This song fucking rules btw.

There is nothing surprising in The Washington Post’s recent profile of Jewel, but that’s precisely what makes it so pleasant to read. Jewel c. 2018 is exactly like Jewel c. 1998, the year she released her iconic song about coming to terms with the size of her hands. She’s still your typical singer / songwriter / poet / actress / entrepreneur who is just doing the best she can, and who has never spoken anything other than her truth.*

(*Not counting her fifth album 0304, which goes unmentioned in the piece.)

Jewel Kilcher (it’s weird to see her last name, isn’t it) is all about keeping calm. Being mindful. Not rushing into new career ventures without giving them considerable thought. She says fame can sometimes happen “at a pace that causes a lot of psychological problems,” and that she tried her best to avoid the pitfalls of a life lived untruthfully. Oh my god, just typing this out makes me want to start focusing on my breath.

She says her “number one” mission in life was to be “a happy, whole human.” Being a musician has always number two. And before you can mouth off with something like, “This woman’s earnestness is exhausting,” Jewel is ready to cut you off at the pass:

“I never saw that as an insult — ‘Oh, she’s so earnest.’ I always clung to that. I think there’s a danger in all of our jobs when we become too proficient at them. There’s something very, very special about the beginning of anyone’s career, when it’s raw talent, when it’s raw will, when it’s raw drive. Because that’s when you’re innovative, because no one has told you the rules or the parameters that you have to operate by.”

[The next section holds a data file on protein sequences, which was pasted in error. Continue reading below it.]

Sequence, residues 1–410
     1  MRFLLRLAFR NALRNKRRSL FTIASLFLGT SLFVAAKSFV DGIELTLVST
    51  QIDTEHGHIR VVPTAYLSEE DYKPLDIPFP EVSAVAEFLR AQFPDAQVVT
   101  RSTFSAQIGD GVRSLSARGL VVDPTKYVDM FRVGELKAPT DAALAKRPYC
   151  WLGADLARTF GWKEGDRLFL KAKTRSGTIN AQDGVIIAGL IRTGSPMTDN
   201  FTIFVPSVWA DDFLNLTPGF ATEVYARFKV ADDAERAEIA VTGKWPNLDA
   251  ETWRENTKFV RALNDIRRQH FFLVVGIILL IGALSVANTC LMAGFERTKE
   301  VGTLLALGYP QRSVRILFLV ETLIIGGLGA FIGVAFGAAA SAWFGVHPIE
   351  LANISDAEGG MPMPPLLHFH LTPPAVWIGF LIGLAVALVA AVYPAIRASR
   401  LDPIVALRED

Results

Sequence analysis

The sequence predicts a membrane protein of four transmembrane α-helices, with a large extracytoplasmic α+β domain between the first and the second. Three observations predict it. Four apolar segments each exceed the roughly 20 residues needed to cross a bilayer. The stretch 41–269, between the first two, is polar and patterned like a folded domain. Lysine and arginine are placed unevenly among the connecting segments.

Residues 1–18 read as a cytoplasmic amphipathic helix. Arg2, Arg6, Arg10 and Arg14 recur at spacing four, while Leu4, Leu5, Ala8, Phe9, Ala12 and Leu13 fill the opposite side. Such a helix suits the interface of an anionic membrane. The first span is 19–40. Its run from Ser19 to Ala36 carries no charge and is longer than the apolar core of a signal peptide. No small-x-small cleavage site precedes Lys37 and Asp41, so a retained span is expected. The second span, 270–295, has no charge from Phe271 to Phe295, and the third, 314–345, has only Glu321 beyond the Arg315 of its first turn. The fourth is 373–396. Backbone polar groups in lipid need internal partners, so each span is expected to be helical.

Her latest cause, Never Broken (a line from “Hands”), is a “personal road map to help you calm anxiety and access your own inner knowing so you can learn to make happiness a habit.” She wants people to become mindful, and has even begun making a name for herself on the corporate speaker circuit.

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Writes the Post:

Her idea is to bring mindfulness and balance to the corporate workplace, school classrooms and beyond. So far, Jewel Inc. has partnered with online retailer Zappos to create the pilot program, which will offer a digital tool kit to Zappos employees — “like a whole university,” Jewel says — with the goal to ultimately make them “more resilient, more creative, less risk-averse, less anxious, more entrepreneurial.”

She’s even planning “a mindfulness cartoon for toddlers,” which makes sense, given their tiny hands. But let’s return to her earnestness. The best part of this profile is when Jewel reveals the “underlying message” in all her work. Are you ready for it? Here we go:

If I could tell the world just one thing

It would be that we’re all okay.

That’s it. That’s all she’s ever wanted to tell us. And you know what? I suddenly feel okay. Thanks again, Jewel!

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